Preserving skin elasticity could unlock secrets for better body health

University of Manchester scientists have begun a study to understand the decline of ‘springiness’ in our bodies' skin and tissues as we get older.

Lead researcher Dr Michael Sherratt says the decline in elasticity is what causes wrinkly skin in older age but that it also occurs deep inside our bodies, in blood vessels and lungs, significantly reducing our health. His work is at the forefront of exciting new research that could help fight life-threatening conditions like pneumonia or aneurysm.

Dr Sherratt is a leading scientist on the understanding of ‘fibrillin’. This is the protein that allows our skin, lungs, blood vessels and many other parts to remain elastic and healthy rather than stiff and lifeless.

“Fibrillin becomes less effective as we age, increasing our likelihood of health problems as we grow older,” said Dr Sherratt, who is based in the University’s School of Medicine.

“We can’t replace it and we only have the fibrillin that was made when we were young, so taking care of it is vital. My research aims to increase our understanding of this vital protein, possibly paving the way for solutions such as new treatments or better and earlier diagnosis of problems. Alternatively it may suggest that there are lifestyle choices we can all make to help.”

Scientists already believe that raised sugar levels in diabetes are strongly related to the hardening of proteins, for example, so it is possible that more research could show a wider relationship between sugar consumption and the elasticity of our fibrillin.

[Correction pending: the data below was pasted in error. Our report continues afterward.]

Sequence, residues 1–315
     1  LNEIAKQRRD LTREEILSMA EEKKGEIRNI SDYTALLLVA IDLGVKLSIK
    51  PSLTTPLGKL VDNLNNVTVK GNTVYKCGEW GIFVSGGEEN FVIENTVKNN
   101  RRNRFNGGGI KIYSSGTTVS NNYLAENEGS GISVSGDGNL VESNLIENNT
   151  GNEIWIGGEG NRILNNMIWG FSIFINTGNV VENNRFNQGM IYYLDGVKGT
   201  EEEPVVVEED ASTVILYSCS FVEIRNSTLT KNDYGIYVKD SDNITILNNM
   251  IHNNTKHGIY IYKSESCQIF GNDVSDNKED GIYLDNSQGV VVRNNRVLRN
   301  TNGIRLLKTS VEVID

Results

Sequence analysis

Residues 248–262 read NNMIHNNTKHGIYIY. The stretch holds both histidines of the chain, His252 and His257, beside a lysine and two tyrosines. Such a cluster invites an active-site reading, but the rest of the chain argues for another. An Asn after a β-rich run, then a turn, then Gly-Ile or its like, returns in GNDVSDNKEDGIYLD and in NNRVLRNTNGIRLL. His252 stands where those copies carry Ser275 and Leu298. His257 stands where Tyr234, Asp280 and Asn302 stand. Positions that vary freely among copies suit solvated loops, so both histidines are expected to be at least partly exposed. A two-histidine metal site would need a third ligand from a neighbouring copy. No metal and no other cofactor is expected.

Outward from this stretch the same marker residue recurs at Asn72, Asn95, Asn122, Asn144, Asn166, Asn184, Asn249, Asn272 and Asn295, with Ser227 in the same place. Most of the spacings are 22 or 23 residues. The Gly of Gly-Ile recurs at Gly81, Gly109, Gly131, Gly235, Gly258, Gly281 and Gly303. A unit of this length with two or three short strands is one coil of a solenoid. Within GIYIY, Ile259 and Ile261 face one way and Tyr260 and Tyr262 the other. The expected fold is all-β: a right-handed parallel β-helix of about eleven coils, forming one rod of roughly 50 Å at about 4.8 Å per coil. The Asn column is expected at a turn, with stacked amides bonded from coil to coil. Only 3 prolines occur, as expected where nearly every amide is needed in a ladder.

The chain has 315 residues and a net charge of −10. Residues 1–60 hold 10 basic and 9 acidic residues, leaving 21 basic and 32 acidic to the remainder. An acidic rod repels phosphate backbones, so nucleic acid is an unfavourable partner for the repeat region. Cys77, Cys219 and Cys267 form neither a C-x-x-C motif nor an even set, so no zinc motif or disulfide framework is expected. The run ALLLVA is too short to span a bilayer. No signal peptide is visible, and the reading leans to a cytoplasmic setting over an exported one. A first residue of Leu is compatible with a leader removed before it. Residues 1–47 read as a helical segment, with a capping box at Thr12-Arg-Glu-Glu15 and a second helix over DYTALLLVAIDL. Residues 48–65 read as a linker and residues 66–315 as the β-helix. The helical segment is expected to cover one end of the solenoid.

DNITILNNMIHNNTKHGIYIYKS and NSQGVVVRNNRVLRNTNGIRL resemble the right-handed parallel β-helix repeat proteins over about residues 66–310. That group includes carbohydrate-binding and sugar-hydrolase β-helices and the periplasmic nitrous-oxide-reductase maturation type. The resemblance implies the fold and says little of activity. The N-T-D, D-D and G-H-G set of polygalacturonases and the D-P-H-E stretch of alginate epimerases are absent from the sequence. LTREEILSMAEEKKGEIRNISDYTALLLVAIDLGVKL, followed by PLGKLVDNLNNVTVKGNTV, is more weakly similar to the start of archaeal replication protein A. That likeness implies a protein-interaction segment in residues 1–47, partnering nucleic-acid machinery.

Recognising the importance of his research, Help the Aged has announced major financial support for his studies in Manchester through to 2010.

Dr Lorna Layward, Senior Research Manager of the Help the Aged Biomedical Research into Ageing programme, said: “We are very pleased to be funding Dr Sherratt’s work, which could contribute to bring better health and independence to older people in future.

“We normally think about flexibility in terms of exercises like yoga, which can be great for us at all ages, but Dr Sherratt is taking the idea of flexibility at the microscopic level and finding if there are ways to improve it. His findings may literally help us put a spring back into our lungs, arteries and eyes.”


Notes for editors

Help the Aged is also calling for more donations to its biomedical Research into Ageing programme at 020 7239 1982 or ria@helptheaged.org.uk. These are urgently needed to support important science that can bring us better health and independence as far into later life as possible.

A rare condition where people have problems with the stretchiness of their fibrillin from birth is called Marfan syndrome. Its symptoms include physical deformity and further health consequences can be mild or severe, always worsening with age. The wide range of problems caused by the syndrome indicates the extensive and important role played by fibrillin in our bodies, as well as the urgent need for more research into its role in our health.

Help the Aged is the charity fighting to free disadvantaged older people in the UK and overseas from poverty, isolation and neglect. It campaigns to raise public awareness of the issues affecting older people and to bring about policy change. The Charity delivers a range of services including information and advice, home support and community living that are supported by its fundraising activities and paid-for services. Help the Aged also funds vital research into the health issues and experiences of older people to improve the quality of later life.

For further information contact:

Mike Foster

Public Relations Account Manager

Help the Aged

Tel: 020 7239 1934

Email: mike.foster@helptheaged.org.uk

Or Aeron Haworth

Media Relations Officer

Faculty of Medical and Human Sciences

The University of Manchester

Tel: 0161 275 8383

Mob: 07717 881563

Email: aeron.haworth@manchester.ac.uk